How Maduro Has Destroyed Life Inside Venezuela

How Maduro Has Destroyed Life Inside Venezuela

By ShareAmerica
October 19, 2020

The weak governance, oppression, and corruption of the illegitimate regime headed by Nicolás Maduro have caused widespread economic suffering and the collapse of society in Venezuela.

The 2019-2020 National Survey of Living Conditions (ENCOVI, in Spanish) — published by researchers at Andrés Bello Catholic University in Caracas — details how basic infrastructure, the labor market, and education have deteriorated since 2014.

The United Nations estimates that 7 million Venezuelans — 25 percent of the population — are in need of humanitarian assistance, while an astonishing 96 percent of Venezuelans live in poverty, according to ENCOVI.

Daily water and electricity are increasingly unavailable, according to the report. Only 77 percent of the population has access to piped running water, and three-quarters of that group say they experience frequent service disruptions. News reports have shown people using standing water in the street for bathing, cooking, and drinking.

Due to the blackouts imposed by the regime and the general degradation of electricity service nationwide, 90 percent of Venezuelans do not have reliable access to electricity. Outside of Caracas in states such as Zulia, Bolívar, and Barinas, lights go out for days at a time.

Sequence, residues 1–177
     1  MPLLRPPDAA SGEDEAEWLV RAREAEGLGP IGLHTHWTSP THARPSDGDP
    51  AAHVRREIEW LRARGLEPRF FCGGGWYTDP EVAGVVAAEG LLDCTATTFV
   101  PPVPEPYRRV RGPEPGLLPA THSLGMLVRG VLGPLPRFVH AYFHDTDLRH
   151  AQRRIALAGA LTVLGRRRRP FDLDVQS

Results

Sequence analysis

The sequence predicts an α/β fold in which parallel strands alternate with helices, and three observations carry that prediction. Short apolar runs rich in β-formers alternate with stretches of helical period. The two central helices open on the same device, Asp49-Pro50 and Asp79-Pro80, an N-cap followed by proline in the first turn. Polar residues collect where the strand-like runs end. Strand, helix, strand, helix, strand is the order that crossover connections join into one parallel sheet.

The data of ENCOVI’s survey show that the Maduro regime’s repression, corruption, and economic mismanagement have driven 44 percent of Venezuela’s working adults into unemployment.

A closer look at that data shows the employment situation is even worse. The number of workers in the formal job sector — jobs with regular hours, wages, and benefits — has dropped from 64 percent to 46 percent since 2015.

Many of those who remain in the formal job sector struggle with severe underemployment, where they cannot earn enough at their regular jobs to feed their families.

As a result, Venezuelans have had to find employment in the informal sector. These workers are not covered by health insurance and don’t have regular wages, leaving millions of Venezuelans struggling to provide for their families. This increase in the informal employment sector corresponds to the steep rise in poverty in the country.

Children are no less affected than their parents. School enrollment across the country has dropped from 12.7 million children to 11 million. Only 60 percent of children regularly attend school.

When asked why they didn’t attend school consistently, children said it was because of the lack of food, water, electricity, and transportation.

“ENCOVI’s results are the sad reflection of the reality of Venezuela’s people,” said Juan Guaidó, Venezuela’s legitimate interim president. “They are not isolated numbers, nor cold numbers, but the reflection of what we Venezuelans suffer at this moment.”

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